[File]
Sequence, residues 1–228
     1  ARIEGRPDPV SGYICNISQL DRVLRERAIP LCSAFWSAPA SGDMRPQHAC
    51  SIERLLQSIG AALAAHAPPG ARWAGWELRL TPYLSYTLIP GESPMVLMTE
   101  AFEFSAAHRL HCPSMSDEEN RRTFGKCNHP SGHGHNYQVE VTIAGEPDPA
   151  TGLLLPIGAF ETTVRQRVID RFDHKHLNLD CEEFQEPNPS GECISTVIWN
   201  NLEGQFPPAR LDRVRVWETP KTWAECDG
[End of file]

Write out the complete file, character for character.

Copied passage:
Sequence, residues 1–228
     1  ARIEGRPDPV SGYICNISQL DRVLRERAIP LCSAFWSAPA SGDMRPQHAC
    51  SIERLLQSIG AALAAHAPPG ARWAGWELRL TPYLSYTLIP GESPMVLMTE
   101  AFEFSAAHRL HCPSMSDEEN RRTFGKCNHP SGHGHNYQVE VTIAGEPDPA
   151  TGLLLPIGAF ETTVRQRVID RFDHKHLNLD CEEFQEPNPS GECISTVIWN
   201  NLEGQFPPAR LDRVRVWETP KTWAECDG